regular interconnect for digital signal transfer

I'm planning on getting a seperate dac and using it in conjunction with my existing cd existing cd player has appropriate digital outputs,I will use the balanced output to feed the dac.
This is the question,can I use a standard balanced interconnect cable to pass the digital signal from the cd player to the dac?
In general I would not recommend it.

It may function, but unless the cable is specifically designed to have a 110 ohm "characteristic impedance," or it is explicitly indicated as being suitable for carrying AES/EBU digital signals, chances are that sonics will be seriously degraded due to jitter problems, waveform distortion, and other effects of impedance mismatches (more so or less so depending on the jitter rejection capabilities and other characteristics of the DAC).

Some "standard" balanced interconnects are designed in just that manner, though. An example is the inexpensive Blue Jeans/Belden 1800F cable.

Also, I would suggest that you obtain a cable that is approximately 1.5 meters in length (unless a very short length, such as 6 to 12 inches, would be adequate for your purposes). See this paper.

-- Al
I have tried many, including 1.5M ones. Some were designed for digital, some standard ICs. I previously used a 1.5M Transparent Reference, which is considered one of the best on the market and costs roughly $1500. I am now using a VDH The First Ultimate which is a better match for my system. This has also been the experience of HIFICRITIC, which often used standard ICs, including the one I use. I suggest you try it yourself as you probably have spare ICs around. For me the 1M VDH sounds considerably better than my 1.5M Apogee Wydeye which is suppose to be very good. Also HIFICRITIC does very detailed jitter tests and they have not found problems with standard ICs or extra performance in the 1.5M length. EVERY cable I or my friends have tried on a variety of systems sounds different, we tested 8 one afternoon; I have not tried balanced in on CD; my old line stage didn't have balanced in, my new one does but I am happy with SE so far. If you have a balanced cable or can get one on approval I think it is worth a try.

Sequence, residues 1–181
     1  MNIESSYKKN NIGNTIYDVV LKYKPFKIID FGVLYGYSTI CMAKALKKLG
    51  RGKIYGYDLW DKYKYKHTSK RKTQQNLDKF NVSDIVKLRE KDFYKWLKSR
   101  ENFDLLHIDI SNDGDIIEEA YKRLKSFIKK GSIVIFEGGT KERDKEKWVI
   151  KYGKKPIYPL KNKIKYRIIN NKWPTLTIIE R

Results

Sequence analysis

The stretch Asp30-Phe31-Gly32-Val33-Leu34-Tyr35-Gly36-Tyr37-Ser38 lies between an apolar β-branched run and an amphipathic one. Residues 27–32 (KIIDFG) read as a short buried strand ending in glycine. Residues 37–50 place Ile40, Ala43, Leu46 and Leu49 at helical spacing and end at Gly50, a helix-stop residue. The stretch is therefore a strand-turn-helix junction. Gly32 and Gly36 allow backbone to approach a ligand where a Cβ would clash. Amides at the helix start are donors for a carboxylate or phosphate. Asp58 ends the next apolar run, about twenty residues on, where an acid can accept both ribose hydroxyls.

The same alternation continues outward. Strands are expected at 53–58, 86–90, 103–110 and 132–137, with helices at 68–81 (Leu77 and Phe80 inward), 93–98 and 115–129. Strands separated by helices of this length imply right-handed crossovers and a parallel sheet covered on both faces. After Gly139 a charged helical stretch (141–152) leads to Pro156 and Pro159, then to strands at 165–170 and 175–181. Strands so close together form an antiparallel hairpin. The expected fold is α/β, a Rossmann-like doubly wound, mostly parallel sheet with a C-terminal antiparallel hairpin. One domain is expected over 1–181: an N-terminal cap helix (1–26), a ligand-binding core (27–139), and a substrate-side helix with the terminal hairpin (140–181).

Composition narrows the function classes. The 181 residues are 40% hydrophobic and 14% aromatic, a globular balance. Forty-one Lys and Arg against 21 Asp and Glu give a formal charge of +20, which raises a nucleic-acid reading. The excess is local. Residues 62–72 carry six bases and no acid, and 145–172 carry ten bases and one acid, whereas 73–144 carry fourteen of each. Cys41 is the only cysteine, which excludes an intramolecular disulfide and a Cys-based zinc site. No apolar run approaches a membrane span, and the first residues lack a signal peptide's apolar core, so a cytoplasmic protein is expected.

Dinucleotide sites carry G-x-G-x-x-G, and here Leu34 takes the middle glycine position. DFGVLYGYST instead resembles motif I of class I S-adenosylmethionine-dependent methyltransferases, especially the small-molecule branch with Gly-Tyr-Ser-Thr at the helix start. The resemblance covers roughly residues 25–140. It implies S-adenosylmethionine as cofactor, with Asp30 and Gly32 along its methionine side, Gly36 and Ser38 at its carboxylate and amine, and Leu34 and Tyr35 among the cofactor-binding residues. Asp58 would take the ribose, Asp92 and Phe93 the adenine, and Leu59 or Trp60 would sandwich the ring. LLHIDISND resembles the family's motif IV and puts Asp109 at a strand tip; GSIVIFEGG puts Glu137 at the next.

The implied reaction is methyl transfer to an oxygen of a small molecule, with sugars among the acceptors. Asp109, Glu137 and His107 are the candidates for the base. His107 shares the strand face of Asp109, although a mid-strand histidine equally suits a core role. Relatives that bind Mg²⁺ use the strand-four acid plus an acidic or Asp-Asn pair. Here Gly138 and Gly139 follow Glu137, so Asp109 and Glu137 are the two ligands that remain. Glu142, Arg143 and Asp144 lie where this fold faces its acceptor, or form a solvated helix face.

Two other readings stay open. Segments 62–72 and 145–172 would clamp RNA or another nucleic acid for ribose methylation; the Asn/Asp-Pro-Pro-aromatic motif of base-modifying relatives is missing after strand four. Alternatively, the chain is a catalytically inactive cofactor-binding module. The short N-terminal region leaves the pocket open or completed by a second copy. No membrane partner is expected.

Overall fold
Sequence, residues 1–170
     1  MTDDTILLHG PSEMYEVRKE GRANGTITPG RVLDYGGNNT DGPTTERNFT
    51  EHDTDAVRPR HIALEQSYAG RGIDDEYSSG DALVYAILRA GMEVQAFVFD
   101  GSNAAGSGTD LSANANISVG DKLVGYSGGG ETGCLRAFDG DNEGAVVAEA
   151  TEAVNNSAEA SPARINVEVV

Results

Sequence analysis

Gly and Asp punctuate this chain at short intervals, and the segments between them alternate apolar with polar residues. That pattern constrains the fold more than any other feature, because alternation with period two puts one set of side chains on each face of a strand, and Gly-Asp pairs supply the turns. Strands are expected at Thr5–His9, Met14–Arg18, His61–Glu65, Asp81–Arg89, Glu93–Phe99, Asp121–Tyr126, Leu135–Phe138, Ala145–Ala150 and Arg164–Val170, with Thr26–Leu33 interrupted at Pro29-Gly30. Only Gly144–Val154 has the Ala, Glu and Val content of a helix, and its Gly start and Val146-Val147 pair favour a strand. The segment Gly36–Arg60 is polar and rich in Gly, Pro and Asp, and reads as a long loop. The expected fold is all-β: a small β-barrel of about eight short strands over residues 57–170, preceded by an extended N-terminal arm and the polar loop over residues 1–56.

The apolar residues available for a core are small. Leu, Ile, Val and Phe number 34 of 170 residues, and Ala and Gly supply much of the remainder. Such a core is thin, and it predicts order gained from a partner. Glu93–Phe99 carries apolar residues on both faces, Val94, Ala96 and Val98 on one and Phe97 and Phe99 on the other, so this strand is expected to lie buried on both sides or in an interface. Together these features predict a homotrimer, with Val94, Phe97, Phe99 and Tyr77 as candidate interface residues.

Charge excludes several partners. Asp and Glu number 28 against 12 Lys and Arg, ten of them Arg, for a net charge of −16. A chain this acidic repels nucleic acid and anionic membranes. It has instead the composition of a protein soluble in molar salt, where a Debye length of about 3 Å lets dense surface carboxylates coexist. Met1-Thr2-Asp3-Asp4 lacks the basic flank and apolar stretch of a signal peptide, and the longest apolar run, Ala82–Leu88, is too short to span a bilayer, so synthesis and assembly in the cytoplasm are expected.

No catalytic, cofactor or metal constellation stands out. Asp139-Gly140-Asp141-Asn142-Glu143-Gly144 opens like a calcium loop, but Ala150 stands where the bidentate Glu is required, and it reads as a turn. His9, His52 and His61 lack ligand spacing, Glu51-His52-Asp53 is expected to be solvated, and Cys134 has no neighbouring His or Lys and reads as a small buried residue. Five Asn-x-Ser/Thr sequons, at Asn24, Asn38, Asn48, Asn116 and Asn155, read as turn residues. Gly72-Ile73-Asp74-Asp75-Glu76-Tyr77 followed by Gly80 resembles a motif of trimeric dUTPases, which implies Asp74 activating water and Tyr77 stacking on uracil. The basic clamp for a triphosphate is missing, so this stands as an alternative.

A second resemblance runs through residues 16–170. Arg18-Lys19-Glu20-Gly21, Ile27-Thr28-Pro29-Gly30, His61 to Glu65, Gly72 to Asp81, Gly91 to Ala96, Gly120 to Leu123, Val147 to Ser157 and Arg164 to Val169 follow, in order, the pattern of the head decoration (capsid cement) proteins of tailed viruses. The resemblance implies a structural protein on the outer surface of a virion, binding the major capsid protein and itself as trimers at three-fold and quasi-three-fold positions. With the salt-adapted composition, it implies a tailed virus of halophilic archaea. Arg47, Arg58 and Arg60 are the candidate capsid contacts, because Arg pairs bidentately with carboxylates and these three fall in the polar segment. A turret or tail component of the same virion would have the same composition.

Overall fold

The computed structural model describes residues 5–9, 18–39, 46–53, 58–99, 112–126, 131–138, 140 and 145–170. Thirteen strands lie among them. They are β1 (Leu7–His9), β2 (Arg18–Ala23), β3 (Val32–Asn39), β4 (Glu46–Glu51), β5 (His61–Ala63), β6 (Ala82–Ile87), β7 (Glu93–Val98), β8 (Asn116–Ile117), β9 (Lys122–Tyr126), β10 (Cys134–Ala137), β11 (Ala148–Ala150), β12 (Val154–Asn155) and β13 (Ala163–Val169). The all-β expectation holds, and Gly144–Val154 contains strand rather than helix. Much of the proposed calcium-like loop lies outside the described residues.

Stanwal, the Apogee Wyde Eye is a budget-class hot pick, it's nowhere in the same league as some of the more expensive cables. I don't believe I've heard the Transparent Reference (and I don't believe I'd ever pay that much for a digital interconnect) but I can vouch for the Zu Ash, the Atlas Opus, the Ven Haus Cryo Pulsar and the Auricle "Encore" Signature as all being both more expensive and better-sounding than the Wyde Eye.

The 1.5 meter length, if it works with your gear, removes a signal transmission problem and results in more defined and coherent sound. I have never heard a system in which the extra length didn't make a nice difference, but in theory a proper control of impedance matching between transport, connections and DAC could have the same result at shorter lengths.
I gave the Wyde Eye as an example of a "correct" design that is also recommended by Stereophile. What I was trying to say is that there are other factors involved in the sound of ICs that are not easily measured, I would never argue theory with Al. I bought my Transparent used so I didn't pay $1500 either; there are so many on the market that I have heard only a fraction of them and none of those you mention. And at todays prices buying a one meter and a one and a half to compare is quite expensive. Mine have been either one or the other; the VDH digital cable [ not the First Ultimate] does not even come in 1.5. I have also found silver and copper to sound different [Duh!].